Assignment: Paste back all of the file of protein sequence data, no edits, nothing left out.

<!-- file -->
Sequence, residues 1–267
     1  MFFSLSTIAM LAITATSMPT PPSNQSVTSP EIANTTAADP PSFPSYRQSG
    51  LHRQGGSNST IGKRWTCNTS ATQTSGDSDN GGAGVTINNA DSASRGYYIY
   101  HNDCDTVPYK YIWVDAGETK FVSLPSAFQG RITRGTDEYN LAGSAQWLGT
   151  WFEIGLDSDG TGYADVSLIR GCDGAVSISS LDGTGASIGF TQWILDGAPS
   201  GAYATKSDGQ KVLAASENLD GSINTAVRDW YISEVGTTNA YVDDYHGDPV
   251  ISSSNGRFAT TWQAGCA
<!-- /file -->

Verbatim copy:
Sequence, residues 1–267
     1  MFFSLSTIAM LAITATSMPT PPSNQSVTSP EIANTTAADP PSFPSYRQSG
    51  LHRQGGSNST IGKRWTCNTS ATQTSGDSDN GGAGVTINNA DSASRGYYIY
   101  HNDCDTVPYK YIWVDAGETK FVSLPSAFQG RITRGTDEYN LAGSAQWLGT
   151  WFEIGLDSDG TGYADVSLIR GCDGAVSISS LDGTGASIGF TQWILDGAPS
   201  GAYATKSDGQ KVLAASENLD GSINTAVRDW YISEVGTTNA YVDDYHGDPV
   251  ISSSNGRFAT TWQAGCA